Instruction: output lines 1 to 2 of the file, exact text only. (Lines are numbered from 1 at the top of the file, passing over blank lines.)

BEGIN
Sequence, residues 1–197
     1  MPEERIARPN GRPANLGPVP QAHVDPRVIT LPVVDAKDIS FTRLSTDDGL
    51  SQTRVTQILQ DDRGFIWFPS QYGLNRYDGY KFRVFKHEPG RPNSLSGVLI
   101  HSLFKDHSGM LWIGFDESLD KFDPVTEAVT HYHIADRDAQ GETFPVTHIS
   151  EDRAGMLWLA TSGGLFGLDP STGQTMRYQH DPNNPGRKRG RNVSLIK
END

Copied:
Sequence, residues 1–197
     1  MPEERIARPN GRPANLGPVP QAHVDPRVIT LPVVDAKDIS FTRLSTDDGL